Funding cuts force councils to slash early help services

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According to a group of children’s charities, ‘crippling’ funding cuts mean councils are forced to help only children in crisis.


Council spending on early help services designed to spot signs of neglect and abuse fell by 40 per cent between 2010/11 and 2015/16, finds the report

A new report by the charities reveals that central government funding cuts have left councils with no option but to close services designed to spot signs of neglect and abuse early and focus their attention on crisis intervention for children and families, ‘firefighting’ problems after they have escalated.

The ‘Turning the Tide report by National Children’s Bureau (NCB), The Children’s Society and Action for Children, finds that council spending on early help services designed to spot signs of neglect and abuse early fell by 40 per cent between 2010/11 and 2015/16, while spending on crisis support rose by seven per cent to £6.1bn.

In contrast to central government funding cuts of £2.4bn to children and young people's services, it says, councils have cut their own spending by slightly less, £1.6bn over five years. At the same time, it says, there has been a 108 per cent increase in child protection investigations as demand for council help ‘soars’.

A breakdown by local authority shows that the most deprived councils in England have cut spending on children’s services by almost a quarter – six times as much as the least deprived councils. The biggest cut between 2010 and 2017 was in Yorkshire and Humber at 25 per cent, followed by London and the north west at 22 per cent.

Children’s and youth centres, teenage pregnancy support, short breaks for disabled children, information and advice for young people and family support are some of the services that are affected by the cuts to early intervention.

According to the three charities, between 2010/11 and 2015/16, central government funding for early intervention services fell by £1.7 billion across England.

The report calls upon the Government to:

  • Urgently address the funding gap in children and young people’s services
  • Work with local authorities to ensure additional funds are used to improve early intervention
  • Take into account local need when making future decisions about investment in children and young people’s services, and clarify its plans to reform local Government funding.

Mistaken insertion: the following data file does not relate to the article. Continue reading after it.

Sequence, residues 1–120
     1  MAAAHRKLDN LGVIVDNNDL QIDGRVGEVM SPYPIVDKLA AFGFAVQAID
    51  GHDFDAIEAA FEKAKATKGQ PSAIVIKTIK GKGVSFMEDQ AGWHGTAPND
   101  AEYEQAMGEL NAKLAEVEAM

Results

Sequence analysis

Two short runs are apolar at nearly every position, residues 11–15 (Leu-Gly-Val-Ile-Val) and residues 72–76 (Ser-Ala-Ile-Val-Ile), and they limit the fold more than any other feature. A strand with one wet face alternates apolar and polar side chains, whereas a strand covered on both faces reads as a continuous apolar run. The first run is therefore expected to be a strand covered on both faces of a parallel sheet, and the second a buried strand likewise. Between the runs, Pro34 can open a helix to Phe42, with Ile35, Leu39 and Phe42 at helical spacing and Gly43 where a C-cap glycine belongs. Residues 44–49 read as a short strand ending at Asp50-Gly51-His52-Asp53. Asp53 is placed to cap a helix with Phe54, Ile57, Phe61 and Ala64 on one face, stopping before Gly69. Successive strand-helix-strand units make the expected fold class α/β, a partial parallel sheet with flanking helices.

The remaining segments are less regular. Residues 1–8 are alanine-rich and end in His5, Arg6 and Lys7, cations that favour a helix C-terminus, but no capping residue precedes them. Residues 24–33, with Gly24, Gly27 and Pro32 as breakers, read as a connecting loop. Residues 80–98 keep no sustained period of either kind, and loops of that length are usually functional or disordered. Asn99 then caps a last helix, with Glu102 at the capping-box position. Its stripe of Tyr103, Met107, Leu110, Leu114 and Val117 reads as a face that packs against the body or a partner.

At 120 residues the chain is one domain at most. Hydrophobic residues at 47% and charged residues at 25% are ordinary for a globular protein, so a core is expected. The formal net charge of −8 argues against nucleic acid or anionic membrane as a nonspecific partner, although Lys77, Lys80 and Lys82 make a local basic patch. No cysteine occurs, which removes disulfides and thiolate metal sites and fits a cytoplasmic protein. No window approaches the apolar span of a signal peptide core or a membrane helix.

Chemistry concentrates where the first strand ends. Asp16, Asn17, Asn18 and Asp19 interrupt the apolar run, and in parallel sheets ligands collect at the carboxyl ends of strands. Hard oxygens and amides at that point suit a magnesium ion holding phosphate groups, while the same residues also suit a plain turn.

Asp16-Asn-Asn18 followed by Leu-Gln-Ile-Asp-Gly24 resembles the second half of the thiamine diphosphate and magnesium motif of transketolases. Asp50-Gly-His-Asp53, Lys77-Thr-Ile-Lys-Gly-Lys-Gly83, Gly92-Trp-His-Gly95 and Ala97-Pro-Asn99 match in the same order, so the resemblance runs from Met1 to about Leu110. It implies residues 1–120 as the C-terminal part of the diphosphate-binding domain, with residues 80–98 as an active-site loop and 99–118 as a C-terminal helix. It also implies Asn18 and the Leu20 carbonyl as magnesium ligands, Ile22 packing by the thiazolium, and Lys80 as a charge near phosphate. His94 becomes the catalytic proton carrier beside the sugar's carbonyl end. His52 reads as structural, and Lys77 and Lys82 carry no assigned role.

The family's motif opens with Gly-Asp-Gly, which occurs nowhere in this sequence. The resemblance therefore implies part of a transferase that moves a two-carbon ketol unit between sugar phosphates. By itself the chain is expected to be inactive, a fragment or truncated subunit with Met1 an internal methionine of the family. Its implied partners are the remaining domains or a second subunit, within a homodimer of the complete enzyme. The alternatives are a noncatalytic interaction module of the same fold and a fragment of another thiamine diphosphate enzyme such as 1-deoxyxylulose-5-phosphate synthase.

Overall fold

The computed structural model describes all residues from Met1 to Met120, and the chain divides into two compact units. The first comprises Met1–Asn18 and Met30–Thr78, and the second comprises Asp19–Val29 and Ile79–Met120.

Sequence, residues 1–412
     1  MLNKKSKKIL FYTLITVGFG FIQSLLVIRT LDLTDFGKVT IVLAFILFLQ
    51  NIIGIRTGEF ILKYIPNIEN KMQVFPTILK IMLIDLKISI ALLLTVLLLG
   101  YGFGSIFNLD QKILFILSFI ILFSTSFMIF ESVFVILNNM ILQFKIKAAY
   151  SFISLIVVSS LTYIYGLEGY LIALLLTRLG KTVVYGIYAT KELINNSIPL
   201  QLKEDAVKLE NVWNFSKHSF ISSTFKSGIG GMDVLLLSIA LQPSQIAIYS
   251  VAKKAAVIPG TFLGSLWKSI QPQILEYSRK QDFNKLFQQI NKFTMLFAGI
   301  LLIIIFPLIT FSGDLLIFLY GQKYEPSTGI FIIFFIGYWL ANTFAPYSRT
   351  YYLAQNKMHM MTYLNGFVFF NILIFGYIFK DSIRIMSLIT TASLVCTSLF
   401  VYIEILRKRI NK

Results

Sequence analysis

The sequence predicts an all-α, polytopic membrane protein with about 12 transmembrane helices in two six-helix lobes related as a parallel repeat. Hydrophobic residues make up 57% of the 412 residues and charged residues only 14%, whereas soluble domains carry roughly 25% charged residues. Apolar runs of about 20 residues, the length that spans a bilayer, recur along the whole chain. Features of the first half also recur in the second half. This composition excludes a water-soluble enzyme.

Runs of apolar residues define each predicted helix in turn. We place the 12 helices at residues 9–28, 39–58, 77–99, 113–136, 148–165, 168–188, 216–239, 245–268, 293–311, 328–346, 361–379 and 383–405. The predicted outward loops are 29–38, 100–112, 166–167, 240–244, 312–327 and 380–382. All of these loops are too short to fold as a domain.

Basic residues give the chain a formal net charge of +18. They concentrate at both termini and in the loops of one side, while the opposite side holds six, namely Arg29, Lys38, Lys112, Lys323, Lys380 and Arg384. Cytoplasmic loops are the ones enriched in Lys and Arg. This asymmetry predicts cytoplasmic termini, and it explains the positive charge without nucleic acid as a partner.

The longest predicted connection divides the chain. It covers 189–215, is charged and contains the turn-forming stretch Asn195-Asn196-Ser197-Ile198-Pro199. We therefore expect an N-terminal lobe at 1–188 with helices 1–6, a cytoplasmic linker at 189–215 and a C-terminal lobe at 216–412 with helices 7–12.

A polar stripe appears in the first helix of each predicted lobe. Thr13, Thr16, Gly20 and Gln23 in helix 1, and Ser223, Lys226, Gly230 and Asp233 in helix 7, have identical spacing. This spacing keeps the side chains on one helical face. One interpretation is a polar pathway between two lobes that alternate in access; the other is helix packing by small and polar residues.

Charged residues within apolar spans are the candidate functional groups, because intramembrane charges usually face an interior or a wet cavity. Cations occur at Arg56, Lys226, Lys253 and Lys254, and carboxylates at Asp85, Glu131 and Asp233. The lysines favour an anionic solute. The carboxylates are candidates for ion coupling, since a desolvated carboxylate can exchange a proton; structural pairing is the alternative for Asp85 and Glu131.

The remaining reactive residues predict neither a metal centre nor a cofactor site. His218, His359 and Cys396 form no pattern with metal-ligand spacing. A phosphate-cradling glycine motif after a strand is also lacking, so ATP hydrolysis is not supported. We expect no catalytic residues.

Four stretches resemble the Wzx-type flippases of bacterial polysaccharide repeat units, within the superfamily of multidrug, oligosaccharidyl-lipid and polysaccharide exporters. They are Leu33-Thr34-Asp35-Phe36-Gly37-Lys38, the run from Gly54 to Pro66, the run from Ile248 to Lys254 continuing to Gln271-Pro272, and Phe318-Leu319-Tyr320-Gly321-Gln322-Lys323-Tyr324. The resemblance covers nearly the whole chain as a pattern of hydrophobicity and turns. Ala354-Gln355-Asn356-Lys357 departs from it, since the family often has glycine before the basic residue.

Sir Tony Hawkhead, chief executive of  Action for Children, said, ‘Crippling central government funding cuts have left local authorities with no option but to close early help services designed to spot signs of abuse and neglect and move to a ‘crisis’ fire-fighting model.

‘Leaving local authorities without the necessary resources to help children and families at an early stage has a devastating cost, both in social and financial terms.

‘With no long-term solution on the table, children’s services are on an unstable and dangerous footing. We’re calling on the government to prioritise the services children need before this crisis turns into a catastrophe for the next generation of children and families.’

Anna Feuchtwang, chief executive of the National Children's Bureau, added, ‘There is a relentless squeeze on funding for children's services and councils are seeing their budgets dwindle at an alarming rate. Do we really want a system that can only help children and young people at immediate risk of harm, but can't step in to help families before problems deteriorate? 

‘We need urgent investment to alleviate the mounting pressure on children's services, and a commitment from Government that all children should get the right support at the right time.'

A Government spokesperson said, 'We want every child, no matter where they live, to receive the same high quality care and support. That’s why more than £200 billion has been made available to councils for local services, including children’s services, up to 2019-20.

'Councils have a duty to provide appropriate care for the children in their area, including responding to referrals. We are supporting them to deliver efficient services by investing £200 million in the Children’s Social Care Innovation Programme – this includes projects providing targeted support for children in need.'

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